A good text book and/or app and/or teacher will help structure your study so it doesn’t just feel like random memorisation of unconnected characters or words. I’m not sure if you’ve already decided on your main resource, but most good beginner-level grammar resources use kana and/or kanji with furigana at the beginning – so you’re not limited by your kanji knowledge.

Once you’ve made progress grammar-wise, and started trying to read (text book readings, graded readers, books for young children), it will get easier to memorise words because you’ll start coming across them in other contexts!

Just keep pushing through, there’s no reason you can’t do this :muscle:


Actually I felt the same like two days ago, but then I tried like taking breaks between lessons, like not doing the whole new lessons at once. Try taking the lesson, learning 5-10 things, then leave the lesson, practice those, and when you’re confident that you learned them start with the rest. I think learning too much too fast doesn’t help.


Thanks but I really need to have a physical book, especially for something like this. Reading physical book secludes and forces me to pay more attention since it removes me from other distractions like youtube, irc and such.

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This is something I’ve looked into although I need to order it as a book for proper study. Seem’s like it’s simple enough, gives you basics and gives you both keigo and non-keigo forms of phrases and such. It does seem to require some knowledge of kanji though.

I know what you did. You immersed in English, that’s why it became so good. Finnish dubs? They don’t exist.
The internet only in Finnish? Cozy place, not that interesting.

My mother tongue is German, for us it is a biiiit harder to fully immerse, because of our extreme dubbing culture. People often say, that the Germans speak good English. They actually don’t compared to people from the Netherlands or Northern Europe.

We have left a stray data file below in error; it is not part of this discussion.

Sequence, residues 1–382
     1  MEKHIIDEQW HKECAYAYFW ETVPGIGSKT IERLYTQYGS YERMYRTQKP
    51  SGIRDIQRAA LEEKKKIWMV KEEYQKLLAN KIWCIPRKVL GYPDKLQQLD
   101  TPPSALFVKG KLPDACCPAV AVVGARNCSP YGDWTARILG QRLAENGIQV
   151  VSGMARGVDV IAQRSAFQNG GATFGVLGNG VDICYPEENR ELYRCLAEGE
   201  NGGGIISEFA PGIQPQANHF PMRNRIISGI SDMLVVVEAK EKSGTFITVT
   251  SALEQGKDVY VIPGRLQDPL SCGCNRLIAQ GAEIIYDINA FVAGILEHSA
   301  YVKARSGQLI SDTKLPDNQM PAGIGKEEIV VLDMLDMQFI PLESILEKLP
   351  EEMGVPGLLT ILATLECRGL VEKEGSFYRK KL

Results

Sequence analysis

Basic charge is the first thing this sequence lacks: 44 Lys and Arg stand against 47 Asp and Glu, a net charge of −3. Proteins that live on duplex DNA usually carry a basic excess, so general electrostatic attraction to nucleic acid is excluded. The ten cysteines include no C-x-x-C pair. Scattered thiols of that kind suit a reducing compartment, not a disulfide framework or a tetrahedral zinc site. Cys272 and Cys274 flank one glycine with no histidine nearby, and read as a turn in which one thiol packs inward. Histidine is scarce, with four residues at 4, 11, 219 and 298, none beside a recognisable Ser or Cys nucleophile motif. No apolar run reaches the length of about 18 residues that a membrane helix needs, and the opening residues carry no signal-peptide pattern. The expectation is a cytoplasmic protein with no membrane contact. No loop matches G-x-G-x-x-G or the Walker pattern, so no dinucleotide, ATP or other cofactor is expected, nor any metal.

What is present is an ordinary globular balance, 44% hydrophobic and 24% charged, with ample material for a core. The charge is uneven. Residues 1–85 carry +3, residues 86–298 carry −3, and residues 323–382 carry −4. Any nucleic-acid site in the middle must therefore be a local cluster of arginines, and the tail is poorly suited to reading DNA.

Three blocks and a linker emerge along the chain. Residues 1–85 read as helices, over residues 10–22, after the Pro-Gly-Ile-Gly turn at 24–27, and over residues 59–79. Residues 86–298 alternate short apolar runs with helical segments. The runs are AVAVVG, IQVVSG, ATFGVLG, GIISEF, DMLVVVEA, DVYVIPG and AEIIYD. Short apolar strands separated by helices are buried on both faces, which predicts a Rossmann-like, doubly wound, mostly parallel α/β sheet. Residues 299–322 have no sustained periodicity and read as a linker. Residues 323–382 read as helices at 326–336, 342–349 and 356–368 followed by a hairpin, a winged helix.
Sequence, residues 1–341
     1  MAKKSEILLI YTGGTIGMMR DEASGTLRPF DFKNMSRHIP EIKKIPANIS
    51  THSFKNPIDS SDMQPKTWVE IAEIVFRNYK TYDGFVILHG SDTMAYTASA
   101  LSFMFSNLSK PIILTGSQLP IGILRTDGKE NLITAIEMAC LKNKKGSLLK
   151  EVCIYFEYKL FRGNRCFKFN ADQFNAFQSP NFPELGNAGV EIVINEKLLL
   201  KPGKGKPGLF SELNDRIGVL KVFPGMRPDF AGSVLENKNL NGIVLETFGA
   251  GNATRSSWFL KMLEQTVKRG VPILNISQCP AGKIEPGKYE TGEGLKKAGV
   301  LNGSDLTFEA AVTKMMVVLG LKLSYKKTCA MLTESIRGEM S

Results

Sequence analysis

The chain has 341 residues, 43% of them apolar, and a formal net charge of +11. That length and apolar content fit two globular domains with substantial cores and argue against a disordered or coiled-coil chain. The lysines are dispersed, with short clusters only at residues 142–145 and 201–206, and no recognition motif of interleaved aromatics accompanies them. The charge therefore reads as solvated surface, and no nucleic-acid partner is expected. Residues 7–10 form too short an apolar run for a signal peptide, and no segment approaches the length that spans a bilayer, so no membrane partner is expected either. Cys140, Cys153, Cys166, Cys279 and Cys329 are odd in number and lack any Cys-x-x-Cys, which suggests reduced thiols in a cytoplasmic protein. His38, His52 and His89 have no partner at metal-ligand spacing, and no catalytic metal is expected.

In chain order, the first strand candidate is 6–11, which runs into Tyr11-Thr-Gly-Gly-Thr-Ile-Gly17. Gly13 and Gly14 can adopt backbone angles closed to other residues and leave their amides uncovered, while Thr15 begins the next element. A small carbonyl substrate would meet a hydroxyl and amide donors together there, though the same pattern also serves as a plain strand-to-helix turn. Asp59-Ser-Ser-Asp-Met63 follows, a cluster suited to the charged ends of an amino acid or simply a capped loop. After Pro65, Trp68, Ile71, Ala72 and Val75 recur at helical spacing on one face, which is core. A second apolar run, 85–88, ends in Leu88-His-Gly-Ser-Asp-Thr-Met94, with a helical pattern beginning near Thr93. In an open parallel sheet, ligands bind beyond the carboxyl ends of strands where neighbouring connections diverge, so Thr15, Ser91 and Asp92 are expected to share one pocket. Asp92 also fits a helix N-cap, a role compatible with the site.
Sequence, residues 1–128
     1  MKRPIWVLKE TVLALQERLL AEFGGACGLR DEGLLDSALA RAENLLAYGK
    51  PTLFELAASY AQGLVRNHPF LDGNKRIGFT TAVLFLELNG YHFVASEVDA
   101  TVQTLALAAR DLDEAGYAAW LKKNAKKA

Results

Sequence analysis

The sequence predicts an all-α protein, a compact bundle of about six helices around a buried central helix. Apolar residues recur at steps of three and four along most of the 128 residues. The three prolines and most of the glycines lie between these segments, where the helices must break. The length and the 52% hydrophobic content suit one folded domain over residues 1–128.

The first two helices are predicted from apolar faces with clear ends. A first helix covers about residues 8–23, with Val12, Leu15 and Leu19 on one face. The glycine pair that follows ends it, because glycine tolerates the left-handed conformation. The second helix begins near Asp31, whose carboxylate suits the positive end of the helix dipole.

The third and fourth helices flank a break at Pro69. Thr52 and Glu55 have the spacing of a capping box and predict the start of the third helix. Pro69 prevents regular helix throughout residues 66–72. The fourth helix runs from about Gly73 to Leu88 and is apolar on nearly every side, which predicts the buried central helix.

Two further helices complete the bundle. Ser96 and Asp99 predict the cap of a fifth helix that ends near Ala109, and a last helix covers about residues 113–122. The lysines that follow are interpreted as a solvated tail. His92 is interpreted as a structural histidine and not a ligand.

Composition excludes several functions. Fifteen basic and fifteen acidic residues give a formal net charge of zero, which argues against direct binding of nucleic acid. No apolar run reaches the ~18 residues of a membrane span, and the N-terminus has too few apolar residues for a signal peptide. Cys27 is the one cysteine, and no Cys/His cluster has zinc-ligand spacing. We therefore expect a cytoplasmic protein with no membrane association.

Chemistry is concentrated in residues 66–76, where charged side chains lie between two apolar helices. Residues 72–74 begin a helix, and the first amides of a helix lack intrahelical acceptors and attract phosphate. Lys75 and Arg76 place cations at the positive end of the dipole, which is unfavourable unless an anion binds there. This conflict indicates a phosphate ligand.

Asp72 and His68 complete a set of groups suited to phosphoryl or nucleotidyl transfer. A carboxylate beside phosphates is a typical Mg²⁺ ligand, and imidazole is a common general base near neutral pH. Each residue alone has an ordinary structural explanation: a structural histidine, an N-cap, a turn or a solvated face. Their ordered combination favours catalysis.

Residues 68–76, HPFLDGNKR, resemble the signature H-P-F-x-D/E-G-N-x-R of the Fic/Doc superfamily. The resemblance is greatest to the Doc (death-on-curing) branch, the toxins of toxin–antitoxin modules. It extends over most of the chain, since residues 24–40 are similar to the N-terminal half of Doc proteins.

Some people really like Tae Kim’s guide, other people hate it…
Personally I struggled with it (mostly because of the refusal to use furigana), so worked with other text books that did use furigana, and came back to Tae Kim’s later and found it much easier second time around.

I don’t know if you’ve seen this already, but there’s a great post here with resources others have used and enjoyed, which might help you: The Ultimate Additional Japanese Resources List!
There are also online courses like Marugoto, or Youtube channels dedicated to teaching Japanese that you might find useful.

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Pretty much. Although children’s cartoons get dubbed here too and I personally, just like most finns, can watch only the finnish moomins. After childhood with the finnish dub other languages sound so intolerably bizarre. The voices just sound wrong.

Hopefully I can manage to get to the point where I can do this with japanese!

\textcolor{pink}{\huge \textsf{WELCOME! ^-^}}

Second welcome post of the thread, but as Oprah would say if she were here; “you get a welcome, you get a welcome, everybody gets a welcome!”

welcome gif - crabigator

Take the time to check out the FAQ and GUIDE if you haven’t already.

There’s also a lot of good stuff on the forum to help you, like:

The Ultimate Guide for WK
The Ultimate Additional Japanese Resources List!
The New And Improved List Of API and Third Party Apps

I hope your Japanese learning journey goes well and that you enjoy your time with us on the forums.


Thanks. I will check those out.

As for Tae Kim, well, you can’t please everyone. I will see if I can get along with it once I’ve, hopefully, learned a bit more kanji and also katakana. If not, I’ll look into other sources.

So you’ve already mastered two of the most difficult languages

Sorry, but I’ve gotta say this, even if it’s OT… Since when was English considered to be a difficult language? As far as learning is concerned, no language could possibly be easier to learn, especially for Europeans. Of course, close sibling languages (Russian/Ukrainian, Czech/Slovak/Polish/Croatian, Spanish/Portuguese) are a bit of an exception here.

Back to the original topic… For me, one level takes 7-10 days depending on how many times I mess up kanji readings or forget the oftentimes rather ungodly radical names that just don’t stick in my head.


English has always been considered to be a difficult language to learn due to its unpredictable grammar and spelling.


What? I must have missed the memo then. English grammar is the easiest out there. There’s nothing complicated about English. Only verbs are conjugated [no idea what these concepts are called in English because I didn’t learn English in English, duh] and even that’s super easy and pretty consistent for virtually all of them. Sure, there are a couple of irregularities and the pronunciation of words feels oftentimes rather arbitrary, but I could never see it as a difficult language. No other language has nearly as many resources in any language as English does; at least in European languages. I can’t see how the grammar is unpredictable, nor the spelling. For the vast majority of words, this shouldn’t really be an issue at all.